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 Pottery
“Ghadai” is a pottery exhibition conceptualized by KHAMIR, to showcase the handicraft of the Kumbhars, potters of Kutch. The exhibition will trace the history of the Kutch potters, as well as present exceptional pottery pieces created especially for the project. The word “Ghadai” refers to the name of the unique and highly skilled technique used by traditional potters to create large objects of pottery.

Final Invite CC [Converted]

Ghadai  is the result of extensive field work and the hope that the potters of Kutch hold for their future. The exhibition displays the traditional products that once were a part of people’s lives in Kutch. The pieces highlight extraordinary skill, the wise use of tools, techniques and limited resources which made each form unique.
The project began with a tracing of the history of pottery in the Kutch region, where the team from KHAMIR travelled through different villages, talking, interacting and filming the artisans in order to be able to compile a comprehensive history of the craft. The final result is an exhibition that showcases the pottery of Kutch, its archaeology and 7000 year-old history and the social relevance of not just the craft but most importantly of the potter – known as the “prajapati”, lord of the people.
Watch the trailer of the exhibition here

The highlight of the exhibition is the exceptional pottery pieces created by artisans from various pottery clusters. These pieces are recreations of traditional pottery objects that were used in the region but have been lost to time. As a result of a largely oral tradition of continuing know-how, and the lack of formalized curation and documentation of traditional crafts, some of these pieces are not even found in museums. It was through dedicated efforts of the team that potters were identified who were familiar with the techniques of making these forms.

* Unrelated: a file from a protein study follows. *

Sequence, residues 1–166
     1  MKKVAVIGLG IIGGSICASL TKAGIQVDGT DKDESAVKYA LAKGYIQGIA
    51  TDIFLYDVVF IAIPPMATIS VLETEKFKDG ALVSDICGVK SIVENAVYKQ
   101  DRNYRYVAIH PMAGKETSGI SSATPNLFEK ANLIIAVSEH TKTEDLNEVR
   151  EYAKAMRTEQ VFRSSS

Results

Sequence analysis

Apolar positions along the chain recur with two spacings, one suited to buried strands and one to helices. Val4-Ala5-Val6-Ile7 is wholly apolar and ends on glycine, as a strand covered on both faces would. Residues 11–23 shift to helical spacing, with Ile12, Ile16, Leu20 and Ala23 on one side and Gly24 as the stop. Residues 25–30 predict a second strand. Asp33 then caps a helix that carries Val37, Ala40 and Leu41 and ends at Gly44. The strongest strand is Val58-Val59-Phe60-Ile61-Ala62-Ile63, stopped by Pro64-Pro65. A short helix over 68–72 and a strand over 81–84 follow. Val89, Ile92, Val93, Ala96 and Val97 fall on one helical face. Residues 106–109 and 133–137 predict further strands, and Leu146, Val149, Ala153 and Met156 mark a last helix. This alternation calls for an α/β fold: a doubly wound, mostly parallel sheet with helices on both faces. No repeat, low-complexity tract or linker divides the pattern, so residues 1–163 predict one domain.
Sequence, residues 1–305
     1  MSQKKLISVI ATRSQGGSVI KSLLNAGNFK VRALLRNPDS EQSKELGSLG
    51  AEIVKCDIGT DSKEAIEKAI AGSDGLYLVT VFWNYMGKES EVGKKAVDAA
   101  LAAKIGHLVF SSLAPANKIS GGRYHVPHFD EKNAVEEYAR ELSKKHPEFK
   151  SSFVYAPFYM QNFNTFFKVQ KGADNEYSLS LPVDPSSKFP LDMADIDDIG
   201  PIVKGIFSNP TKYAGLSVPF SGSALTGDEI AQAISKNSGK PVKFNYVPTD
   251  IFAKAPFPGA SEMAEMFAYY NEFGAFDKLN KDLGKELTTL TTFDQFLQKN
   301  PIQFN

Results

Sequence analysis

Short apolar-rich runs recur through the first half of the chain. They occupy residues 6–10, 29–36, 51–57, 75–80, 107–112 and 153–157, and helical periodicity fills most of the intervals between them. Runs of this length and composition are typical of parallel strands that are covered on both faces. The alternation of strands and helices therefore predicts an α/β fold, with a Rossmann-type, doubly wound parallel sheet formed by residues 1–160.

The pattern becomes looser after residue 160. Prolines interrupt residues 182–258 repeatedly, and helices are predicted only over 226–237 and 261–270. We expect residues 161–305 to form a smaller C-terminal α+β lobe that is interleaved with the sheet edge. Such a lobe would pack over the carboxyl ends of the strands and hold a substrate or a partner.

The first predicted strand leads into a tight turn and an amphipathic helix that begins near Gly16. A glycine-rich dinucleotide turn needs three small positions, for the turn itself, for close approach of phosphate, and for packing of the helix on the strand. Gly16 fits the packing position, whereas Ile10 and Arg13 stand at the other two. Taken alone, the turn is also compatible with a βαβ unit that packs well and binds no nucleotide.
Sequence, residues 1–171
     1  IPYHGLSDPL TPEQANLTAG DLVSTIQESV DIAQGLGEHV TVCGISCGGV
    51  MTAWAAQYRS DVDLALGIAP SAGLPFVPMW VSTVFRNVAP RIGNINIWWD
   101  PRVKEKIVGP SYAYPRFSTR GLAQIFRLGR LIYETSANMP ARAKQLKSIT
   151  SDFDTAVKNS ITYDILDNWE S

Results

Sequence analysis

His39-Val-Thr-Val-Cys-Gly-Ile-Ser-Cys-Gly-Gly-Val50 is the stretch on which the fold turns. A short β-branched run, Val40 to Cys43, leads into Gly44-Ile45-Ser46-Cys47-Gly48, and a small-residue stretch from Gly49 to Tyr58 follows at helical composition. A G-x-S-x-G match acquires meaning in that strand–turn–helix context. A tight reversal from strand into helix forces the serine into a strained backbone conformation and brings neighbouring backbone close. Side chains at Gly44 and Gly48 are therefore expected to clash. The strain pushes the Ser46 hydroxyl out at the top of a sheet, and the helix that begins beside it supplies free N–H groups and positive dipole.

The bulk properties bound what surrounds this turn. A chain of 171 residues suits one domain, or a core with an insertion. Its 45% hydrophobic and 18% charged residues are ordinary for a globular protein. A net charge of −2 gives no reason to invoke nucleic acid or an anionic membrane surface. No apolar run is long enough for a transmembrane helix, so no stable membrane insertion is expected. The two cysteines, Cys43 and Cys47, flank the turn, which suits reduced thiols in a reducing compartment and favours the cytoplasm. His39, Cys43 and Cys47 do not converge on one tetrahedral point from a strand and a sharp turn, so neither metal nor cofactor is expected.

The Ghadai show opens at the KHAMIR campus in Bhuj, Kutch on January 17th, 2015 and will be on till the 31st of March. 2015. During this time it will also travel to Mumbai for a special display at Hermès, 15 A Horniman Circle, Mumbai from February 12th to March 1st 2015.
Do not miss it!

Even after all these years, Musabhai remembers precisely the printed motif that he sold to a businessman in Ahmedabad when he was just a teenager traveling out of Kachchh for the first time. He showed me the fabric sample and said, “I had made so many blocks myself and stored them all in my work shed in Dhamadka. Then the earthquake came, and the ground shook and the blocks were completely smashed! Not one survived. So I moved to Ajrakhpur and remade them all again!”

Musabhai today is a successful businessman. With his two sons helping him in printing and dyeing, theirs is one of the most visited shop in Ajrakhpur. What we went to document in film was his ‘businessman skills’ and what we received in return was a whole lot more.

“Is she understanding everything I am saying?” he asks pointing towards Sarah who is filming us.
“No Musabhai, I don’t think so. After going home, we both will sit together and translate every word that you said and then she will understand.”

“But my words are ok?”
“Your words are perfect!”

Later on, inside a workshop a few meters ahead, Khalid makes a beautiful hand printed and painted masterpiece, all the while making jokes about why we came to live in Kachchh and work at Khamir and what is our salary! Khalid is one of a kind artist…and person. Truly. Try talking to him and you will see how!